• allen griggsallen griggs Member Posts: 35,149 ✭✭✭✭
    edited November -1
    You were dead on at 100, and you missed a 40 yard shot?

    I bet if you took your rifle to the range, you would be nearly dead on at 40.
    I have my scoped inline dead on at 100, and I am 1/2 inch high at 40.

    I think you must have flinched to have missed a 40 yard shot, or maybe the deer jumped.
    Were you trying for a lung shot?
  • slumlord44slumlord44 Member Posts: 3,702 ✭✭✭
    edited November -1
    Shooting down out of a tree stand is the problem. If you sighted in on level ground you will shoot high from a steep angle down. Have seen it explained several times and still do not quite understand it. Missed first deer I ever shot out of a tree 3 times. Reloaded. aimed for the bottom of the deer and hit high. The angle does funny things.
  • allen griggsallen griggs Member Posts: 35,149 ✭✭✭✭
    edited November -1
    If you are taking a 200 yard shot with your inline, and shooting down a steep 45 degree slope, then yes, definitely, you will be way off. You will shoot high.
    And if you are shooting UP a steep 45 degree slope at 200 yards?
    Same thing, you will hit way higher than you are aiming at.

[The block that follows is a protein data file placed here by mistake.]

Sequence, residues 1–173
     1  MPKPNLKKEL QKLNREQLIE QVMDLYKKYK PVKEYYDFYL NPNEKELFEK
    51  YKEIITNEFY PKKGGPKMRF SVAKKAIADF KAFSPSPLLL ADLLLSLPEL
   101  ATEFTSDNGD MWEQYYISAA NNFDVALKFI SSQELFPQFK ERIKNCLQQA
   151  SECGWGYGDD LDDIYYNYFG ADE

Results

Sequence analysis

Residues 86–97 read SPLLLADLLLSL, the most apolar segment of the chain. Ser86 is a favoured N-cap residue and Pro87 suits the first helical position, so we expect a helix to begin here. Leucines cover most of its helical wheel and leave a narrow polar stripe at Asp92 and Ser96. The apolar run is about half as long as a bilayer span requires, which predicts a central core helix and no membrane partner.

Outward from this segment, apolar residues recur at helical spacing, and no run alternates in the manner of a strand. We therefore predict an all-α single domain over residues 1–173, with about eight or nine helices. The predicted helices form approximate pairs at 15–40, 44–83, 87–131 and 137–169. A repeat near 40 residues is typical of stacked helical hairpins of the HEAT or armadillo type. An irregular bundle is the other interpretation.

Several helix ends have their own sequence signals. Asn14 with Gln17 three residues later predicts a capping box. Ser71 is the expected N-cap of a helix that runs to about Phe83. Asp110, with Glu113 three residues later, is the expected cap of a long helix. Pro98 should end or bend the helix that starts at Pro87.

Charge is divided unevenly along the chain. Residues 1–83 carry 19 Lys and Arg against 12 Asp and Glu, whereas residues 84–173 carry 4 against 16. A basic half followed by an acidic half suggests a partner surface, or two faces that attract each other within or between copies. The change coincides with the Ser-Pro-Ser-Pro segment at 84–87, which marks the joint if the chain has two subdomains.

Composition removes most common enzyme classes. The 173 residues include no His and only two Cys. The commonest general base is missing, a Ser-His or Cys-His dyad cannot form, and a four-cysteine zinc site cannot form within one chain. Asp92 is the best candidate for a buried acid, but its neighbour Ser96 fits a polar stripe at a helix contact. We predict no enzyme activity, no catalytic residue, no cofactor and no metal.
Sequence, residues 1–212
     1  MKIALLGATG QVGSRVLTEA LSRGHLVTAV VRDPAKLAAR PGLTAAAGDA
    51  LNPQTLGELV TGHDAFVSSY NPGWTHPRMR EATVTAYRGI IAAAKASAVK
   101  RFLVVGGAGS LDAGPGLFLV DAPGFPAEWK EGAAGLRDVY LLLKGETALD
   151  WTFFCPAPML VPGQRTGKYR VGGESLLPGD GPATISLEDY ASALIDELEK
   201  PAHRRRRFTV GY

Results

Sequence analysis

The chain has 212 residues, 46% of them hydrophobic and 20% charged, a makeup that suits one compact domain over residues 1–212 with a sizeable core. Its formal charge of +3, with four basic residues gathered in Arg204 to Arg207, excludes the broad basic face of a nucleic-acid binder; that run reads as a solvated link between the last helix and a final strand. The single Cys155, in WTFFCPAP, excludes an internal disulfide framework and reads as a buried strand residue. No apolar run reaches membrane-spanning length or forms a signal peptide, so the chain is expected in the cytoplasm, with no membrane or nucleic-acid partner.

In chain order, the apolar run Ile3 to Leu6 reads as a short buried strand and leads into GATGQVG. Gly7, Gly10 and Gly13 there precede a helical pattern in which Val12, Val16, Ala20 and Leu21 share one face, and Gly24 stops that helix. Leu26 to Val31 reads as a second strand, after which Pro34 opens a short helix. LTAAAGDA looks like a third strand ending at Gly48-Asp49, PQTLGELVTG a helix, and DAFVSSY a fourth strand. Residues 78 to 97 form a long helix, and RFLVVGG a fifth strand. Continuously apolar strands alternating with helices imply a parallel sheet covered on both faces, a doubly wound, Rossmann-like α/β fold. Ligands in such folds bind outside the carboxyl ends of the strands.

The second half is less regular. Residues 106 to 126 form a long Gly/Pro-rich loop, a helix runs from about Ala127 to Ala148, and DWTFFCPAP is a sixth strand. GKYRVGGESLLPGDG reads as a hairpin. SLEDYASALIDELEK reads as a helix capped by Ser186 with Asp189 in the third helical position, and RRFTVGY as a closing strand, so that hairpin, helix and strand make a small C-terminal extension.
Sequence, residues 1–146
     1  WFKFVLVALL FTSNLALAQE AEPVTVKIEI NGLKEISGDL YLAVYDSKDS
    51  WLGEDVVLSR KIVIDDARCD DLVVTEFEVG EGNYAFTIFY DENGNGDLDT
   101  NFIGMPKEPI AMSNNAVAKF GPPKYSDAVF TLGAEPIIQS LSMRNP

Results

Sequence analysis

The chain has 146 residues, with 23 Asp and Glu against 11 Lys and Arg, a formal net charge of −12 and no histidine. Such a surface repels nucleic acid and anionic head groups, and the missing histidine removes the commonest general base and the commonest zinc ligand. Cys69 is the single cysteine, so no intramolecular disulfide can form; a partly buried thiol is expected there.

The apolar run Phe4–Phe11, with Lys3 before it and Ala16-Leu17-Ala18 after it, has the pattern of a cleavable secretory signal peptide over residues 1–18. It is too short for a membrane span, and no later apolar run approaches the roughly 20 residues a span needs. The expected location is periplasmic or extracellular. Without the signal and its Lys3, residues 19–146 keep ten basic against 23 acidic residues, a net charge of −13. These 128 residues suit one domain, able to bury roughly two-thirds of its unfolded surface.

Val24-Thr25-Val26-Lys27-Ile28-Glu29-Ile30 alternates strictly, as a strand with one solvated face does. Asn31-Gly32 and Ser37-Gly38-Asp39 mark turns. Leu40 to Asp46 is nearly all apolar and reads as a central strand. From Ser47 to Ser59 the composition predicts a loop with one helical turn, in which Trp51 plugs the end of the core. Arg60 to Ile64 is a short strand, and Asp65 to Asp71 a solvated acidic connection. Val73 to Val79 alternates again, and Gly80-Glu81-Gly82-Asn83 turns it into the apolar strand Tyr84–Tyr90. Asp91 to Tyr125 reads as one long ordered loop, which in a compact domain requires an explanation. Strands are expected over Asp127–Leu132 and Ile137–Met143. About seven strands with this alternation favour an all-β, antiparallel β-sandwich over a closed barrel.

At 40 yards the bullet hasn't had much of a chance to rise, or fall below, the line of sight.
    On a steep 40 yard downhill shot, I doubt your point of impact would be more than an inch off.

    Test it out yourself before the season opens. Get up in your highest stand, set a cardboard box 40 yards away and try 3 or 4 shots.
  • anderskandersk Member Posts: 3,627 ✭✭
    edited November -1
    Yup, I was dead on at 100 yards. I went to the range right after making sure I did not a wounded deer in the swamp below my stand. I was 5 inches high at 50 yards! I think it probably was a combination of shooting down hill from a stand and being high at 40 yards.

    No problem this year ... I'm going back to sighting in at 50 yards. For my dense woods, I think it is the best thing for me.
  • clownboyclownboy Member Posts: 85 ✭✭
    edited November -1
    quote:Originally posted by allen griggs
    If you are taking a 200 yard shot with your inline, and shooting down a steep 45 degree slope, then yes, definitely, you will be way off. You will shoot high.
    And if you are shooting UP a steep 45 degree slope at 200 yards?